Cara Black: Three Hours in Paris

This book will be available on April 7, 2020.

This ticking clock thriller feels like the book Cara Black has long wanted to write, it’s so explosive, so taut, and so impossible to stop reading.  The propulsive narrative follows Kate Rees, a young American sent to assassinate Hitler when he visits Paris for three hours in 1940.  The set up introduces Kate as she’s waiting with her sniper rifle for Hitler’s appearance; then it goes back in time, very briefly, to establish Kate as a person.  She’d been living in Scotland with her Welsh husband and their baby daughter when she loses them both to a German bomb, making her determined to fight the Germans with every bit of herself.

This look at Kate’s backstory is both narratively efficient and extremely effective as it causes the reader to care about Kate and be completely invested in her. Black then turns her sights to her real objective: telling an hour by hour story of the hunted and the hunter.  As it’s 1940 it’s not a spoiler to say Kate misses her target, though she does hit another one, and the Fuhrer wants the shooter found and dispatched.

This unhappy task falls to Gunter Hoffman, who is given 36 hours to find the shooter.  He reluctantly shoves the Steiff bear he’s bought for his daughter’s birthday back into his bag and begins his hunt.  The bear becomes almost a totem, and shows up in different ways through the very end of the novel.  It’s the kind of specific detail that helps the reader reluctantly understand the mind of a Nazi officer – to a degree.  When both sides of the equation are humanized, it makes the playing field far more interesting.

Some of Kate’s background detail establishes that she’s a crack shot (thus the sniper assignment), and it shows her being taught the subtle art of disguise.  This comes in extremely handy, as things obviously go south pretty quickly.  Kate is excellent at thinking on her feet and negotiates her way through a maze of drop sites and contact points, often using her anonymity as a woman to her advantage.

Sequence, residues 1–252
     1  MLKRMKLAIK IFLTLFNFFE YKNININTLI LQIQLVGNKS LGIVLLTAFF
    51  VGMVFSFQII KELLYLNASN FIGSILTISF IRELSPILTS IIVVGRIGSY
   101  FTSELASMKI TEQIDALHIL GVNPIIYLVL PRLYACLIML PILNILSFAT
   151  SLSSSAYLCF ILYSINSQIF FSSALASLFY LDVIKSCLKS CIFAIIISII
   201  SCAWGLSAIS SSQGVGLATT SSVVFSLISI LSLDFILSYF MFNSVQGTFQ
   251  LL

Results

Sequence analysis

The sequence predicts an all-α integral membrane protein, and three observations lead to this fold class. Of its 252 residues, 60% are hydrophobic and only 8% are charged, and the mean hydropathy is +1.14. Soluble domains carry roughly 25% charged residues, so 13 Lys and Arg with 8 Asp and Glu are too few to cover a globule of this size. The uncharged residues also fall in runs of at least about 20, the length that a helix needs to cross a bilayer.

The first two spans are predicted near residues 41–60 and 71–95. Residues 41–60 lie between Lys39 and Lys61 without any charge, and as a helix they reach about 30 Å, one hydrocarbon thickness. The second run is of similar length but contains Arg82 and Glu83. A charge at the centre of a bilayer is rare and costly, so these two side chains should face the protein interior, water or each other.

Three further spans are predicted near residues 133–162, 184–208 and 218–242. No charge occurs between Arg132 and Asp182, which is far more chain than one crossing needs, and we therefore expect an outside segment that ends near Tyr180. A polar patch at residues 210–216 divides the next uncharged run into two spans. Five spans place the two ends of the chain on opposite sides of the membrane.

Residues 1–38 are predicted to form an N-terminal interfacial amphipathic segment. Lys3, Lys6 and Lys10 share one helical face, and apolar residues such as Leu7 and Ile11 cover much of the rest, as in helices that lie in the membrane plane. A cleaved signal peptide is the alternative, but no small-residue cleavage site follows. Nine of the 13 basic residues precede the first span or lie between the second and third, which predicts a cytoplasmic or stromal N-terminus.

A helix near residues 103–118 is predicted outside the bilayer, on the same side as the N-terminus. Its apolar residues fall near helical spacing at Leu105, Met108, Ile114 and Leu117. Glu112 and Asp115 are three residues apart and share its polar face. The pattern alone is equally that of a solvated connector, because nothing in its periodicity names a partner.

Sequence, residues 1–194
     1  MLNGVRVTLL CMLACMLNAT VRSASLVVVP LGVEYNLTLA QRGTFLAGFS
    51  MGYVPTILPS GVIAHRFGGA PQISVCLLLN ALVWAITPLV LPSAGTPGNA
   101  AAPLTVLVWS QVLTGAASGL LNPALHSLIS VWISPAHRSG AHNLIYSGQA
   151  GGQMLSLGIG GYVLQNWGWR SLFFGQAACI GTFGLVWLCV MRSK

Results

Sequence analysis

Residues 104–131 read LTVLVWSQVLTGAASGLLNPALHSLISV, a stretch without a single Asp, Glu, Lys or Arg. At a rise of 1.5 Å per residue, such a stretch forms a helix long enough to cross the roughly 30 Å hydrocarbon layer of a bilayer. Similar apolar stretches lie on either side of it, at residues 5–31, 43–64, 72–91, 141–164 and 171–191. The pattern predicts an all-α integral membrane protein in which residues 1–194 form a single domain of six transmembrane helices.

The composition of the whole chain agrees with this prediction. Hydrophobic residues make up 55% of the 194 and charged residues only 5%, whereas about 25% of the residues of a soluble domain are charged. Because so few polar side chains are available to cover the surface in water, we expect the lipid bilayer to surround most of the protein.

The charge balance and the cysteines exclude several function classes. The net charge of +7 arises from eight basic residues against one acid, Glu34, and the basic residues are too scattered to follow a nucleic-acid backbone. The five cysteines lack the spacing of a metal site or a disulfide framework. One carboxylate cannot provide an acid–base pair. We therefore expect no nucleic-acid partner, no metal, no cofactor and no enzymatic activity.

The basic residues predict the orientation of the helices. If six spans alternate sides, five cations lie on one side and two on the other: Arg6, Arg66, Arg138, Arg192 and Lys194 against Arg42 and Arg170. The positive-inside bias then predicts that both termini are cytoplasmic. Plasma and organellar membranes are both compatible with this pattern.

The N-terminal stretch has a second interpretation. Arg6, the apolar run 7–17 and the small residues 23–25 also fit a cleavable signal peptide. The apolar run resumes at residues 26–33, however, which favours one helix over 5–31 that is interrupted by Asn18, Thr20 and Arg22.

By turns she disguises herself as a mother pushing a baby buggy, a nurse, an old woman, and a cleaning lady – all types that tend to be overlooked.  While I felt this was deliberate after finishing the book and thinking about it for a while, while I was reading, it didn’t cross my mind.  It just seemed like another thing Kate had to do to stay alive and elude the Germans.

For a thriller to really work, the gears and inner workings of the plot shouldn’t be too apparent.  They should just naturally fold into one another in a progression that seems absolutely inevitable.  This was definitely the case with this novel.  I also approached it, I have to say, somewhat reluctantly, as I was wondering what possible new way could be found to tell the story of occupied (or about to be occupied) Paris.

But this book, as it turns out, was completely original.  Kate is a different type of character and she’s completely mission driven.  She thinks practically, fights like a man, and has the skillset of a hunter.  The plot never lets up.  The characters are made human to the reader, but the main thing is the hunt and the ability of the hunter to locate his prey.

Read it.  There were so many unexpected twists and clever acts of thought and action on Kate’s part I think I will be mulling it over for quite a while.  It’s a fabulous change of pace for the talented Cara Black.